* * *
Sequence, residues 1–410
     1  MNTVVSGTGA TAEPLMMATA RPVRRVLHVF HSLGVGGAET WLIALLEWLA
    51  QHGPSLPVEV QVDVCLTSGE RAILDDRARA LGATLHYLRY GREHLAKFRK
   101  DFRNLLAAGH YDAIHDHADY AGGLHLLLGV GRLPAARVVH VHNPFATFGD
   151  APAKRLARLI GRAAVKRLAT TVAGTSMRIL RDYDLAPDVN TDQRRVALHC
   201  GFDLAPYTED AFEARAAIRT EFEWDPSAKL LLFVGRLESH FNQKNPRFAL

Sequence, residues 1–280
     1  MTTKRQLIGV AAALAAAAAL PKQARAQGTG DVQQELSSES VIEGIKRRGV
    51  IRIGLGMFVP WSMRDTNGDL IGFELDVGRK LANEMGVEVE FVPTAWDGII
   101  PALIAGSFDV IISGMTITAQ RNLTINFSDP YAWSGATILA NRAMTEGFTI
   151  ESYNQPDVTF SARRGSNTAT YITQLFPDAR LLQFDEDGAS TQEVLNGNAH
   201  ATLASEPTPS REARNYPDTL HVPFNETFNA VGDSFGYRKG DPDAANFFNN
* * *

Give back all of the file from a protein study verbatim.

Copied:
Sequence, residues 1–410
     1  MNTVVSGTGA TAEPLMMATA RPVRRVLHVF HSLGVGGAET WLIALLEWLA
    51  QHGPSLPVEV QVDVCLTSGE RAILDDRARA LGATLHYLRY GREHLAKFRK
   101  DFRNLLAAGH YDAIHDHADY AGGLHLLLGV GRLPAARVVH VHNPFATFGD
   151  APAKRLARLI GRAAVKRLAT TVAGTSMRIL RDYDLAPDVN TDQRRVALHC
   201  GFDLAPYTED AFEARAAIRT EFEWDPSAKL LLFVGRLESH FNQKNPRFAL

Sequence, residues 1–280
     1  MTTKRQLIGV AAALAAAAAL PKQARAQGTG DVQQELSSES VIEGIKRRGV
    51  IRIGLGMFVP WSMRDTNGDL IGFELDVGRK LANEMGVEVE FVPTAWDGII
   101  PALIAGSFDV IISGMTITAQ RNLTINFSDP YAWSGATILA NRAMTEGFTI
   151  ESYNQPDVTF SARRGSNTAT YITQLFPDAR LLQFDEDGAS TQEVLNGNAH
   201  ATLASEPTPS REARNYPDTL HVPFNETFNA VGDSFGYRKG DPDAANFFNN